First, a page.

The judge presiding over the US Department of Justice's (DoJ) attempt to block Oracle's proposed takeover of rival software maker PeopleSoft has ruled in Oracle's favour, removing one obstacle preventing the hostile acquisition.
The decision means Oracle's 15-month campaign to buy PeopleSoft through a $7.7bn (£4.3bn) cash tender offer to PeopleSoft's shareholders will continue.
The DoJ failed to prove that a takeover of PeopleSoft by Oracle would be anti-competitive, the judge wrote in his 164-page ruling.
"Because plaintiffs have not shown by a preponderance of the evidence that the merger of Oracle and PeopleSoft is likely substantially to lessen competition in a relevant product and geographic market ... the court directs the entry of judgment against plaintiffs and in favor of defendant Oracle," the judge wrote. He stayed his order for 10 days to permit the DoJ to seek an appeal.
The DoJ is disappointed by ruling, assistant attorney-general Hewitt Pate said in a statement. "The department is considering its options," he said.
The decision is a setback for PeopleSoft and a significant blow to the DoJ, but it is far from a green light for Oracle. From the start, the biggest obstacle to the deal has been PeopleSoft's "poison pill," an anti-takeover provision in its bylaws that allows it to manipulate its shares to make a hostile acquisition prohibitively expensive.
Oracle is challenging the legality of PeopleSoft's poison pill; trial on that case is scheduled to start on 27 September.
Oracle in a first reaction to the ruling said that it removes a significant roadblock to the acquisition. "This decision puts the onus squarely on the board of PeopleSoft to meet with us and to redeem its poison pill so that the shareholders can accept our offer," Oracle chairman Jeffrey Henley said.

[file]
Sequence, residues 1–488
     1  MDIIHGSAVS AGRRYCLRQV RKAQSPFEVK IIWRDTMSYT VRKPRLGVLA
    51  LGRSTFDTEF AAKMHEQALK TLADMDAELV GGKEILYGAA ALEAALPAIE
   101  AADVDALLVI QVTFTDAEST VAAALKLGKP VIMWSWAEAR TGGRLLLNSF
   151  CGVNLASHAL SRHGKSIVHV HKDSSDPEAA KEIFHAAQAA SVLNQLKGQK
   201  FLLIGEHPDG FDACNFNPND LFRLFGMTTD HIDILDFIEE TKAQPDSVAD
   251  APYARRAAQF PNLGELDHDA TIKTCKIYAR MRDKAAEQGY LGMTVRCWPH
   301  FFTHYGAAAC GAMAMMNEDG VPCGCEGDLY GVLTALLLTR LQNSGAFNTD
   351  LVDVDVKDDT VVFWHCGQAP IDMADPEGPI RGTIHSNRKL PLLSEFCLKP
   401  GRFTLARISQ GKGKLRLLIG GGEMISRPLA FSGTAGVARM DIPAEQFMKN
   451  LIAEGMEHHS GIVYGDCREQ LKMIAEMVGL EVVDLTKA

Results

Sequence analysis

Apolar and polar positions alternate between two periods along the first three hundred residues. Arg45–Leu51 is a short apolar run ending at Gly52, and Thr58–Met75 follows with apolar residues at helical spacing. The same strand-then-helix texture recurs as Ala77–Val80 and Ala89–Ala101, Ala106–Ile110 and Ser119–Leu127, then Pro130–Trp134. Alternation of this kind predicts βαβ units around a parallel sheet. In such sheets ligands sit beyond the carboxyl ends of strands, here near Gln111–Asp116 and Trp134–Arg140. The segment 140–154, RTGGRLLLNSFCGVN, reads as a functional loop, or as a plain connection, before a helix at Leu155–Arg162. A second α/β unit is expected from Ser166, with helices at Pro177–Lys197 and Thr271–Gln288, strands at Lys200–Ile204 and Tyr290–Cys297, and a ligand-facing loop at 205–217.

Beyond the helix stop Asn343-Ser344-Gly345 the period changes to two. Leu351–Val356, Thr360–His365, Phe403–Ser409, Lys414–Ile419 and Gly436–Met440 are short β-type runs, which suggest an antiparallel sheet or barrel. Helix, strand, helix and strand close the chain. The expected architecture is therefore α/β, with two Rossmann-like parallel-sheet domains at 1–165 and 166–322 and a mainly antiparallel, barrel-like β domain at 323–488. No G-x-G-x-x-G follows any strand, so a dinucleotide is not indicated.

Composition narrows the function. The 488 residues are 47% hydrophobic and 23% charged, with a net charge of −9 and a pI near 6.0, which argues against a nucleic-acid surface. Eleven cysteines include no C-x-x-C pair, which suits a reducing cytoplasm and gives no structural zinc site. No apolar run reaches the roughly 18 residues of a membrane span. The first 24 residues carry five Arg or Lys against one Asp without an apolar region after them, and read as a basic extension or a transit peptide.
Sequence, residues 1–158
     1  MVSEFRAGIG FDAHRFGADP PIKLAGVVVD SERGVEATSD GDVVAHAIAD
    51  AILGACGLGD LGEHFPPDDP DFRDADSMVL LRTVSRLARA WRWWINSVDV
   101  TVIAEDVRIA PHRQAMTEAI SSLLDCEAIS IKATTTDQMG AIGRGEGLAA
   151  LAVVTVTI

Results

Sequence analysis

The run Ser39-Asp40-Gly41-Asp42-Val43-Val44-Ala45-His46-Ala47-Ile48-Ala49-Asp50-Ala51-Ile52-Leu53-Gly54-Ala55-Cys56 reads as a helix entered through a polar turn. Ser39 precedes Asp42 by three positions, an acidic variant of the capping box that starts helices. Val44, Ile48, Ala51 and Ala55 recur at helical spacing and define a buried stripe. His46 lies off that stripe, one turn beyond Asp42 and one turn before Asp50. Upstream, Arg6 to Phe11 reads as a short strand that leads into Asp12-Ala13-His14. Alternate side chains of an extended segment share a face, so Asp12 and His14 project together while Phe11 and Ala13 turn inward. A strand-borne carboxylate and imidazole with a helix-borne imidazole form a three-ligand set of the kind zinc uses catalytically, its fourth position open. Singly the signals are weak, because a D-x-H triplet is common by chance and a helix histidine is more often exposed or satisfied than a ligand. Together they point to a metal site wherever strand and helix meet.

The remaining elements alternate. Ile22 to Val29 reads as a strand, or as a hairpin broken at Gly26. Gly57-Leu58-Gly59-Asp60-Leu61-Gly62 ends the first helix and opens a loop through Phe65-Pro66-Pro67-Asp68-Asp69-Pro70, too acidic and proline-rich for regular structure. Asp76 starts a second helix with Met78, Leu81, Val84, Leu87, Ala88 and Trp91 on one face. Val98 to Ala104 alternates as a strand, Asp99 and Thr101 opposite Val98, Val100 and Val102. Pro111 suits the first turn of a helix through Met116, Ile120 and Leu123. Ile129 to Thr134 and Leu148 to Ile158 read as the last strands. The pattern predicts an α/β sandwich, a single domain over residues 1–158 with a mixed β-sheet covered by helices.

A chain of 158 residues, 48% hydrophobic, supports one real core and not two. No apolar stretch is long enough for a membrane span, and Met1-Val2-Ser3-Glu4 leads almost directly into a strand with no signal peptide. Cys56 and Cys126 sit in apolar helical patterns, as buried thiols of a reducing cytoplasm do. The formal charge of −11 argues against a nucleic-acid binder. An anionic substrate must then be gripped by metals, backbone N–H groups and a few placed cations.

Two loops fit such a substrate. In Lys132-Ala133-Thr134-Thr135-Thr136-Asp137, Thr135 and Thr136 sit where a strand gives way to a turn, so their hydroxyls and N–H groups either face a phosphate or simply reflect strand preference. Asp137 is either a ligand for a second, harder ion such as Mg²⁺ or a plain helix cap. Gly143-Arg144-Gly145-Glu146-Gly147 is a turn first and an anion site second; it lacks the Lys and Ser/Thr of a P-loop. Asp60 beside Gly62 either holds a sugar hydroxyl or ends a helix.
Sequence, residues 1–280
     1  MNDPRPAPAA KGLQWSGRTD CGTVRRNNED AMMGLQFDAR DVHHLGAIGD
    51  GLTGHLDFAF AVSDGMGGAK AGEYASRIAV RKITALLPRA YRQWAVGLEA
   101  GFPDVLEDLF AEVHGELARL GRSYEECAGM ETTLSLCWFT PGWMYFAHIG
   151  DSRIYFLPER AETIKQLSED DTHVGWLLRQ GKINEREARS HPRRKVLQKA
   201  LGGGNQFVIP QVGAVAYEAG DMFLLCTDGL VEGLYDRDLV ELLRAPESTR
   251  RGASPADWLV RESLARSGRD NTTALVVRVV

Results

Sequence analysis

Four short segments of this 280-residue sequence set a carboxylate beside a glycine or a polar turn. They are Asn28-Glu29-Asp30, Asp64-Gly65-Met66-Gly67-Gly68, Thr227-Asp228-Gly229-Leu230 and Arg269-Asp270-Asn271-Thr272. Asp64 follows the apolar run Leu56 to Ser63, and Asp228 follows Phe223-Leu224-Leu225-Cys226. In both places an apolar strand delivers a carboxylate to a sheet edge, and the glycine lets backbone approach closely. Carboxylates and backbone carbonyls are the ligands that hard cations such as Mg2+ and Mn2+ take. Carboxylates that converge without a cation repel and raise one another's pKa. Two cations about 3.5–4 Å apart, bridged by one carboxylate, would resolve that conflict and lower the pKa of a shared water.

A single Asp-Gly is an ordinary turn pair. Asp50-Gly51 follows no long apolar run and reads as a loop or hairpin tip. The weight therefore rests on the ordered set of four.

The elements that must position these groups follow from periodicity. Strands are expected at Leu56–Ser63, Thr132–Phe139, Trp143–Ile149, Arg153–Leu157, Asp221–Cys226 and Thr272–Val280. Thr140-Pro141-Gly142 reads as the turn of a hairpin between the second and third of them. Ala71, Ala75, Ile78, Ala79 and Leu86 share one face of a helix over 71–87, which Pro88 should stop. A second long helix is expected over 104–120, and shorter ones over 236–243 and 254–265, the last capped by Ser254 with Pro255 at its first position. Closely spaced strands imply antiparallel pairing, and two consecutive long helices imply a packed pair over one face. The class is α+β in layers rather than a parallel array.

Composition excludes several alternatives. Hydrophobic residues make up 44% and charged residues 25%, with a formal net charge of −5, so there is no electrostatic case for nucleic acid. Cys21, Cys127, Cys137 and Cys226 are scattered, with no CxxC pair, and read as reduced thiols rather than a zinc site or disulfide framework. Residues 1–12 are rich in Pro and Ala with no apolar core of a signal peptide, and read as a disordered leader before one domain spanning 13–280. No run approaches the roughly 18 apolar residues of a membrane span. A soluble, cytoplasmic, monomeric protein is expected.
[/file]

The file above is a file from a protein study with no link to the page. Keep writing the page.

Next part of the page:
PeopleSoft in a statement said its board of directors will review the implications of the ruling. However, it said its board had already considered and unanimously rejected each of Oracle's offers as inadequate.
Oracle began its pursuit of PeopleSoft in June last year. The DoJ sued Oracle in February on antitrust grounds, charging the proposed acquisition would eliminate one of only three players in the market for financial management and human resources software sold to large businesses.
Another obstacle facing Oracle in its continued quest for PeopleSoft is convincing PeopleSoft's shareholders to take advantage of the buyout offer. Oracle is offering $21 per share.
At the end of Thursday, about 26.5 million shares, or 7.2% of PeopleSoft's outstanding shares, had been tendered into Oracle's offer, the company said.
Oracle and PeopleSoft also remain locked in another legal battle, where PeopleSoft has charged Oracle with unfair business practices.
Oracle countered with a complaint accusing PeopleSoft of illegally refusing to seriously evaluate Oracle's bid, and of improperly creating a "customer assurance program" that could make an Oracle acquisition of PeopleSoft very costly for Oracle. The case is schedule for trial in November.
Stacy Cowley and Joris Evers write for IDG News Service